wmmi wm T Page 24 Henderson Home News and Boulder City News UNLV Commencement Awards Thursday, May 20,1982. tjuurtiu^y, tuay lit, itfo^ Steak TH Taters' Good For Bg Eaters UNLV will graduate 1,178 students May 23 at 2:30 p.m. in the Las Vegas Convention Center Rotunda in a ceremony that will include presentation of honorary degrees and Distinguished Nevadan Awards to a group of S rominent Southern evadans selected by l^e Board of Regents. : Marjorie Barrick, creator of the Barric Endowment Fund at UNLV, will be honored as a Distinguished Nevadan Barrick and her late husband. Edward, came to Las Vegas in 1950 from Omaha. She earned a business education degree from Creighton University and has enrolled in courses at UNLV for many years. In 1979, the Barncks, along with business associates from Omaha, donated a piece of downtown property now valued at more than a quarter of a million dollars to the UNLV College of Business and Economics. The following year, Mrs. Barrick presented UNLV a gift of more than $1 million to endow a lecture series, two fellpwships, a faculty development fund and a research fund. Eileen B. Brookman, a former member of the Nevada Assembly, will also receive the Distinguished Nevadan Award Irwin A Molasky, chairman of UNLV's FoundationFund Board, will receive the Distinguished Nevadan Award for his community service and contributions to the growth of Las Vegas. Former Nevada Gov. Mike O'Callaghan cited Molasky for his exemplary service to the state in economic and social areas, and the Prime Minister of Israel has acknowledged his as' sistance in that nation's economic develop,Tnent. : Molasky is a.Century •Club Lifetime Member :of the Boulder Dam '.Area Boy Scouts of 'America, and a regent • of the Society of Fellows, Anti Defamation League, of which he served as Nevada chairman. Lucile Spire Bruner, a local artist and • teacher who recently .won the Governor's : Arts Award, will perceive an honorary doc' .'torate in humane letJters. \ A muralist Whose •work includes New ;Deal-era paintings in -Oklahoma, Bruner's artworks are included in several public collections, including those held by the Oklahoma Historical Society; the Amarillo Public Library in Amarillo, Texas; the Las Vegas Art Museum; Clark County Public Library; James Dickinson Lib.raryatUNLV; and in five Las Vegas banks. Helene FoUmer, member of the Allied Arts Council and the Accountants Invite L Visitors Thejnembcrs of the American JSociety of Women Accountants, Las Vgas Chapter #10S^ invite students of accounting and persons working in the accounting profession to a "Getting To Know Us" gathering at the "Tiojne of Sharon McNair. CPA. 1705 : Eurnard Drive, Las Vegas, Sunday, June 6th from 2;00 to 4i00 vp.ni. For information •call MarUyn Dille at !38M646 or Sharon at J46.0888. All interest: ed persons are 'Welcome. BATS ABOUND There are more than 900 kinds of bats. f 4 Nevada State Council on the Arts, recommended Bruner to the regents, noting that Bruner has actively promoted the development of the visual arts in Southern Nevada for more than 50 years. Bruner recently established the art museum's outreach program, which takes the visual arts into the rural c,ommunities of southern and central Nevada. The Rev. Caesar J. Caviglia of St. Peter's Catholic Church will be awarded an honorary doctorate in humane letters. A native of Ely, Nev., Caviglia has been very active in supporting education in Southern Nevada. He holds a bachelor's degree from St. Mary's College, a master's in theology from the University of St. Bonaventure, and a master's in education from the University of San Francisco. Caviglia has held pastoral and parish positions in Reno, Carsoiji City, Virginia City, Las Vegas and Henderson since 1955. He presently chairs both the City of Henderson Master Plan Committee and the blue ribbon committee for the site selection, design, development and execution of the Henderson Convention Center. He is currently president of the Nevada Catholic Welfare Bureau and is past president of the Henderson Chamber of Commerce. An instructor in sociology and humanitiles at Clark County Community College from 1973 to 198.1, Caviglia is a member of the CCCC Advisory Board and of the advisory of the special committee for the Hen3erson campus. ^ Caviglia founded Growth Opportunities Inc., and serves as executive director of that program, which provides nutrition programs, socialization and transportation for senior citizens in Henderson, Boulder Cit.y and Searchlight. Frank H.T. Rhodes, UNVL's 1982 commencement speaker, will receive an honorary doctor of letters degree from UNLV • The ninth president of Cornell University, Rhodes is a geologist by training and holds the rank of professor of geology and mineralogy at Cornell. Before assuming the Cornell presidency, Rhodes was vice president for academic affairs at the University of Michigan for three years, where he taught geology and mineralogy. Charles Vanda, UNLV's director of concert hall programming, will be awarded an honorary doctorate in humane letters. Vanda is best known locally as the man who has established UNLVs acclaimed Master Series, which is American .AadCroM + Together, • wecan change things approaching its seventh season of bringing the best performers-in classical music and dance to Artemus W. Ham Concert Hall. Vanda's career in the entertainment industry goes back to the 1920's when he was the youngest press agent on Broadway. In 1935 he joined CBS as publicity director and manager of the talent bureau which represented many of America's best known stars. Vanda produced and directed many top CBS radio programs, incuding "Stowkowski and the Telephone Hour"; "Arabian Nights," with Marlene Dietrich; "Country Lawyer," with Raymond Massey; "The Mary Martin Victor Moore Show"; and others. by Mike Zapolski In these days of runaway inflation and high prices, it's a time to celebrate when you can strike a good bargain. Well, for you folks who can brave the short 'trip up U.S. Highway 93 towards Boulder City, you'll be surprised to stumble oaa gold mind of big bargains. Wild Bill's Steak 'N Taters is a booming new eating place located at 2140 Boulder Highway out near Old Vegas. Many people know about the good food at Wild Bill's, because the parking lot is always jam packed, and if you are looking for low prices and good food, then Wild Bill's is the spot. Set in a western decor marked with all of the good or country fixings. Wild Bill's offeres scrumptious and taste tingljxig morsels for the hungry traveler. Steak 'N Taters features delicious weekly specials on a nightly basis, and best of all, for a low price you can get a meal that could feed any hungry cowboy just in from the range. Monday night's special is chicken splattered with rich barbecue sauc^. Other specials that are featured include chili, ribs, pepper steak and rice, and a Friday evening fish plate special for $2.95. For the steak lovers. Wild Bill's will satisfy your hunger with a mouth-watering New York steak for only $6.45. A Rib-Eye steak sandwich is $5.45, while a steak on a stick is $4.50. Steak N Taters also has a wide variety of choices on its sandwich menu. Tuna salad, tuna, chicken, and grilled cheese sandwiches are Th< n\% of anargy consumption in th U.S. liowad during th* 1970'i. offered for reasonable prices along with the all-time American favorite the hamburger. A meal-size chef salad with all of the trimmings is $4.25. If you are on a diet, Wild Bill's can take care of you, too. Wild Bill's diet plate includes cottage cheese, pears, peaches, and a hamburger patty for just $2.95. For the big eaters who can manage the sizeable dinner entree. Wild Bill's has a dessert selection that includes ice cream, apple pie, cheery pie, and cheese cake. ; If you want to be where the action is a^ every night, stop out at Wild Bill's. You'll get i great meal and sav^ some"^ money at the same time. i I SUN WORSHIPPER SPECIAL '10?? VEGAS OUTDOOR EACH CHAISE FURNITURE REFINISHING SCOO • Factory Fresh Finish jj"* • 2 Yr. Warranty t.MiH CHAIN Offf good mru Juna 15th, 1982 • 362-2559 WHti.Thla Coupon INJEGION MOLDING B MACHINE OPERATORS to work in a new plants located in JEAN, NEVADA. Excellent Working conditions, good fringe benefits including profit sharing. Person to apply must be in good health. Company may consider providing transportation. WILL TRAIN! Equal Opportunity Employer female /male apply at^ Nevada State Employment Security Department 119 Water St. Henderson, Nevada I —Vbll^^ gotyou beat tigain! VALLEY BANK RLB. Interest Rate 11.939% J 1.939% Annual Yield 12.666% 12.485% Interest Return^ $226.34 $223.24 Cash Bonus Total Dollar Earnings $20 -0$223.24 You earn more with Valley Bank's $7,500,91-day Money Market Certificate than with any other bankorS&L. Now, you don't have to tie up your funds for six months to earn high money market interest. Enjoy your big payoff at Valley Bank in only 91 days. Compare our total dollar earnings with F.I.B.'s. Valley Bank pays more Insured Safety Your Valley Bank Certificate is insured to $100,000 by FDIC, an agency of the Federal Government. Now, you can get in on today's high interest with Insured safety. Interest rate effective May 18 May 24, 1982 Sign up now and get a $20 cash bonus! Be at Valley Bank when the doors open and get $20 in cash for opening a 91-day Certificate. Spend it. save it, or add it to your Certificate and earn even more interest! $20 Cash Bonus with our 26-week Certificates too! Check it out! Our six-month Certificates earn a higher interest return with insured safety, plus a $20 cash bonus. Compare with any other bank— Valley Bank pays more. Sorry, F.I.B.! Federal regulations prohibit the compounding of interest, and require substantial interest penalty (or early withdrawal. One premium per family. \ ^MeyBank m MEMBER FDIC r^rr,;:;r; ^^V ^ Tii''W wp JW" '!' M ">" ^ ''* '|fiiiJW W'||'"' J" ^ ^ IHUl l i l l l l l HIK I Il. Water it the only subitar>c on sarth that it naturally present in three different forms ai a liquid, a lolid (ice) and a gat (water vapor). ^GATHER ROUND — The bunk house at Old Vegas will be the setting for the Gary LeMasters Band who will play for dancing and fun at the second andual Western Fling beneflt by the Auxiliary of Southern Nvevada nfemorial Hospital on Thursday, May 20th beginning at 5:30 p.m. at Old Vegas. Proceeds willgo for the purchase of renal dialysis equipment at the hospital. There will be great food, dancing and entertainment. Special guests will include Robert Goulet, Cork Procter, Janie McGowan and other strip entertainers. Gov. Robert List will also attend. For dinner tickets and the special raffle tickets call 383-2615. Pictured are Emily Razzano,Diane DiFiore, Nancy Lamb, auxiliary president, and Jaclue Uman. Chairman of the beneflt is Lynn Bennett. LIFELINE NUIMBERS FIra ,. 382-3000 Paramodica 382-3000 Matro(Pollc)and Ambulanca 385-1111 North LaaVagaaPdica 649-9111 Handaraon Pdlca SeSM33 BouldorClty Polica 293-1424 Sacrat WItnaaa 386-3213 PoiMnControl 732-4989 RETAIN FOR QUICK REFERENCE BREAKFAST BRUNCH 8-11 AM-11 AM-3:45 PM A delectable array of breakfast fare, plus salads, desserts, and surprise entrees $010 DINIIER 4-9:30 PM-Sat. till 11 PM A wide variety of dinner entrees, plus roast beef, carved to order, and a choice selection of salads, vegetables, and fionnemade desserts. 2 Includes Tax Includes coffee, tea or milk 15 Includes Tax Includes coffee, tea or nnilk PSC Approval Gives Phone Users Break Tlie Nevada Public Service Commission has approved a request by Central TelephoneNevada to charge one connection fee for Custom Calling Features regardless the number of features ordered at one time. Effective May 1, the Centel request means a $10 installation charge for one or all four calling features. Formerly the charges were a minimum of $10 per feature ordered. Now customers who wish to order all the Custom Calling Feaures can save up to $40 on the installation charges, said Chuck Anderson, Centel Regulatory Manager. "We also can install the 30-number speed calling feature for $10 instead of the $20 charge in the past." With the installation charge is a one Hme only $6 fee to process the order. Pending with the PSC is a proposed fifth CusThe world's first parachute jump from a balloon was made by Andre Garnerin of France In 1797. tom Calling Feature Call Within which will transform residential phones into an intercom system for just 50 cents a month. Features currently available in residential areas served by computer switching systems include Call Waiting, $1.50 per month; Call Forwarding, $1.25; Three-Way Calling, $2.25 and Speed Calling, $2.25 for eight numbers and $7 for 30 numbers. Business rates are slightly higher for all features. "For residents these features cost as little as four cents which is a real bargain for the convenience and service provided," said Anderson. ::itTHE UNEXPECTED HAPPENS, rM RIGHT HERE" Spedaiang in your individual, family. Group Health Insurance needs • Health Plans) • AcddenVdisability, and sickness supplements : • Medicare supplements • Vision and dental •W CONCERN IS THE INSURANCE NEEDS OF MY NEIGHBORS'. Ken Usherson Your Independent Insurance Agent 5Si-f72J r ^2^ tPXAS .*4 \ ^ The 'Tony"Award winning musical hit of Broadway showtimes H pm .iml Midniv'hi D.uli Mond, DESERIJNN aiuKvOuntrA (]luh No Tickets Neces'-.sn,For Reservations Please Call 733 4566 Nautilus FITNGSS CGNT6R OF BOULOeR CITY ^ MOST LUJgjRIOUS NAUTILUS IN THE STATF • SHOWERS • LOCKERS • STEAM RMS. • • SPA • LOUNGE • AEROBICS CLASSES • r LIFE CYCLES M ^ 1 'S Times The Results In 1/lOth the Time" STARTING JUNE 7TH NEW HOURS: Monday thru Friday 6-10 pjn. Saturday 9-5 Sunday 9-3 STAY FIT What b NatMis? The Nautilus fitness system can be deflned as a unique program of total conditioning tliat not only includes overall increase in muscular strength and endurance, but more importantly, improved tone flexibility and cardiovascular health. Currently in use by most professional sports teams, tennis and rac* quetball pros, the U.S. Military Academy, over 300 universities and colleges, and nearly 2,000 fitness centers. The Nautilus system has produced significant results for these athletes, and the general public as well. ^ MEMBERSHIP UMITED IN HOUR EQUIPMENT, • -m* AND FACILTES USED. 1402 Nevada Hwy. Boukler City 29M227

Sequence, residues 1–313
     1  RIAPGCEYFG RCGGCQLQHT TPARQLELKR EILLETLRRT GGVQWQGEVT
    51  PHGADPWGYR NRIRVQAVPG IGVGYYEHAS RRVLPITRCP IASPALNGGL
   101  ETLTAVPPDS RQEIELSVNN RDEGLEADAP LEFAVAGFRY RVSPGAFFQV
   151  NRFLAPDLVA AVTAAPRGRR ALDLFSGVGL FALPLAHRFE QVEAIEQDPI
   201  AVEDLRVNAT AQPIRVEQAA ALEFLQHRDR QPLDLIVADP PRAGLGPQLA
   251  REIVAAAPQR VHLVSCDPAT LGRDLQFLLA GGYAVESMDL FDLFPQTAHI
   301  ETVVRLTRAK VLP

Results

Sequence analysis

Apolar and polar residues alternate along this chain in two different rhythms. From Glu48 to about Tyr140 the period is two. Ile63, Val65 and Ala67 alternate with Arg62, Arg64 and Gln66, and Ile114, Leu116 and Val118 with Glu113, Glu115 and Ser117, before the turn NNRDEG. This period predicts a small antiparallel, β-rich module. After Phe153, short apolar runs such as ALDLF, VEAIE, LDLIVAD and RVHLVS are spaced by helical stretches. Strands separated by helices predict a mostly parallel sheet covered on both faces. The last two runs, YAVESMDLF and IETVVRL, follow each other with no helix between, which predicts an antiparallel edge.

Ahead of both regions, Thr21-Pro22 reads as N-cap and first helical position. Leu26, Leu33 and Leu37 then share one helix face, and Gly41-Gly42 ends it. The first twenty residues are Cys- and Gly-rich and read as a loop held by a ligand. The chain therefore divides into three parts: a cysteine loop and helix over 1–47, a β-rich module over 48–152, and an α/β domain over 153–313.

PAGE 26